The syllabus includes a formal mathematical description in the language of vector spaces; the description of the quantum state in Schrodinger and Heisenberg pictures, and using density operators to represent mixed states; approximate methods: perturbation theory,  variational method and time-dependent perturbation theory;  the theory of angular momentum and spin; the treatment of identical particles; entanglement; open quantum systems and decoherence. The problem solving will provide a lot of practice at using vector and matrix methods and operator algebra techniques.

    The teaching will take the form of traditional lectures plus 

    weekly problem classes where you will be provided with support and feedback on your attempts.

    15 credits
    Advanced Soft Matter and Biological Physics

    Fascinating behaviour of soft matter and biological systems often occurs at thermal energy scales and can be described by statistical mechanical models. In addition, living biological matter is driven out of equilibrium due to internal biochemical sources of energy. Mathematical models and modern advanced experimental techniques are revealing the physical principles underpinning the biological world and the technological possibilities of complex soft materials.Much recent progress in soft matter and biology has been made thanks to the advent of advanced experimental  techniques which we will show are based on elegant physical principles. We will also study the physical principles underpinning the behaviour of complex soft matter and biological materials. We will describe phase transitions in multiple soft matter systems by calculating free energies. We will use random walk models to describe the shape of polymer molecules and the Brownian motion of colloids. We will also study the dynamics of polymers and the kinetics of polymerisation. We will then consider how polymerisation of protein filaments and action of molecular motors can generate forces in biological cells. This will involve us introducing concepts of systems that are in equilibrium versus out of equilibrium. Using a mathematical  framework we can describe behaviour at different length scales for example from the cytoskeleton to tissues, bacteria colonies and flocking. We will also investigate how the energy required for life is captured in photosynthesis.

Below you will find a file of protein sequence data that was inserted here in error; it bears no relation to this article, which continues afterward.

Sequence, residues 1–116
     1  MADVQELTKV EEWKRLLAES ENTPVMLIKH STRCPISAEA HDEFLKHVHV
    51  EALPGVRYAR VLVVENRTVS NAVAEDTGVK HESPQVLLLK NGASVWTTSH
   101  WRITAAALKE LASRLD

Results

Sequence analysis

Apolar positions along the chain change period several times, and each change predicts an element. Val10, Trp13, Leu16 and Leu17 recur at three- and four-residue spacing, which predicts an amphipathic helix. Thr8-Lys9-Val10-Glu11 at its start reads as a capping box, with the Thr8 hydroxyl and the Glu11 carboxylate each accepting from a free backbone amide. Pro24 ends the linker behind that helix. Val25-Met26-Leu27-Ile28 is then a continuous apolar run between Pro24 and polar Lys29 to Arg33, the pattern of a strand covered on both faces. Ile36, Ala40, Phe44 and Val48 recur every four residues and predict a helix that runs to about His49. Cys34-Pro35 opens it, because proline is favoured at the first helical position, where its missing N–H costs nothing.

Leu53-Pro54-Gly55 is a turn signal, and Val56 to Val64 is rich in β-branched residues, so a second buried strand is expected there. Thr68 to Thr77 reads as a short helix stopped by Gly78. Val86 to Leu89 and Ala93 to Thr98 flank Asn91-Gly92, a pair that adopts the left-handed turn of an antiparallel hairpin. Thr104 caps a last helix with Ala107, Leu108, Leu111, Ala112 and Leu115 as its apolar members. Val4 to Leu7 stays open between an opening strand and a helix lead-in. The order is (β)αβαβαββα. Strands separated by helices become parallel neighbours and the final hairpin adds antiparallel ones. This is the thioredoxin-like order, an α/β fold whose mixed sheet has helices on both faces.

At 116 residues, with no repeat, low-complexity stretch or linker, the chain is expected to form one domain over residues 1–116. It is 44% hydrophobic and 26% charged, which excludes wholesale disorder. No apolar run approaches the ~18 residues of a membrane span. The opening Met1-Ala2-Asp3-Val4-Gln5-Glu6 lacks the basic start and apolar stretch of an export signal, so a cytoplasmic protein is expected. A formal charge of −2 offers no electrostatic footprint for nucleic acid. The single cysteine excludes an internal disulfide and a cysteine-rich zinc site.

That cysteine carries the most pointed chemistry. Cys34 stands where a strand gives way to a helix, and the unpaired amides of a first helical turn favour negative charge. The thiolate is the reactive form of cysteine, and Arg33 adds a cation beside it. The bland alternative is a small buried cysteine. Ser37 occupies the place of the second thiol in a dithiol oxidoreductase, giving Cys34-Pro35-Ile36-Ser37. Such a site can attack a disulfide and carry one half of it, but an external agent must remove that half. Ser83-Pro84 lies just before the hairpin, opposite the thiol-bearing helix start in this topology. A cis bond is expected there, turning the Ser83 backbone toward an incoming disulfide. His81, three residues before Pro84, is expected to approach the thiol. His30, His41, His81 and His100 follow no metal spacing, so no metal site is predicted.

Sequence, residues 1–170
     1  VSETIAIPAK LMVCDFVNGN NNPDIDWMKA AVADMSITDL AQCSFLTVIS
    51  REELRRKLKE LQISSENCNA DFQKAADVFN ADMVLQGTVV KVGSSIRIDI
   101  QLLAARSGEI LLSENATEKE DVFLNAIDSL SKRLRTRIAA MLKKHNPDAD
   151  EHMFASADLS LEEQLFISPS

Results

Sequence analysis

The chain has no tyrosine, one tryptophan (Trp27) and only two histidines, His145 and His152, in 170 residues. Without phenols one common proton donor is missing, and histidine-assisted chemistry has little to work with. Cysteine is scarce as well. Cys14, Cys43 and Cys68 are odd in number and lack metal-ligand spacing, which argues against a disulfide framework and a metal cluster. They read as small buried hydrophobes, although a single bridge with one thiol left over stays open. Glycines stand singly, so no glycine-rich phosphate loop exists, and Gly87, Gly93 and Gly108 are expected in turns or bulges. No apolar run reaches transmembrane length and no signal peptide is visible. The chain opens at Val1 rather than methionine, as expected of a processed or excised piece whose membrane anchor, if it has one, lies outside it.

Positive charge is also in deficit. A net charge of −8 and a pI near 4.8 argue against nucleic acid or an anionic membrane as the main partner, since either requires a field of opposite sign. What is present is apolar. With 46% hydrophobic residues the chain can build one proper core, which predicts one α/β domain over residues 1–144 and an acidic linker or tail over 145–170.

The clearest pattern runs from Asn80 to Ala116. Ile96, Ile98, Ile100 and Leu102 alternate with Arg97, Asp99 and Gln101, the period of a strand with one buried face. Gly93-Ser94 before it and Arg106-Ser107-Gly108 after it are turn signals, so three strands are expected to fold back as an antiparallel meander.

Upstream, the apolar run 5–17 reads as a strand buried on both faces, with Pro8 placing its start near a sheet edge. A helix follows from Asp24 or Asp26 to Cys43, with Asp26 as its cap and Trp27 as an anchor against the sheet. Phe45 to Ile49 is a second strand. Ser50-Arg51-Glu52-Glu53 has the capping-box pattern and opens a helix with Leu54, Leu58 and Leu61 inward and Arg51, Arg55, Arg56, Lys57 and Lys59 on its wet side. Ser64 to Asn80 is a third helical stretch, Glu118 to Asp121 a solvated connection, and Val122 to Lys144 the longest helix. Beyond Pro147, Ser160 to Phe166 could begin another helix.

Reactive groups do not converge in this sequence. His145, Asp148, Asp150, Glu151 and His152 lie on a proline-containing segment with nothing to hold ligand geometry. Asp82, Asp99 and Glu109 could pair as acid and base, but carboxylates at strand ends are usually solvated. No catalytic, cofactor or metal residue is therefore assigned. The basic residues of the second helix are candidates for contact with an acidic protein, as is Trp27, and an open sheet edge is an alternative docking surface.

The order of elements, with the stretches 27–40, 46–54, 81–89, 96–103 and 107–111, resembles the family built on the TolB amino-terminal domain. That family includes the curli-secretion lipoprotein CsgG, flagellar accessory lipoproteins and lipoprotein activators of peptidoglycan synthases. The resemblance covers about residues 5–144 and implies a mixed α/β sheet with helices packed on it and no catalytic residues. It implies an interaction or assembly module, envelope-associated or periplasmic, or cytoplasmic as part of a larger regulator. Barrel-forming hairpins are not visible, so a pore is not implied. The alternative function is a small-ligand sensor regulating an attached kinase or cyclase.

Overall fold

15 credits
    Advanced Particle Physics

    The module provides students with a comprehensive understanding of modern particle physics. Focusing on the standard model, it provides a theoretical underpinning of this model and discusses its predictions. Recent developments including the discovery of the Higgs Boson and neutrino oscillation studies are covered. A description of the experiments used to probe the standard model is provided. Finally the module looks at possible physics beyond the standard model.

    15 credits
    Introduction to Cosmology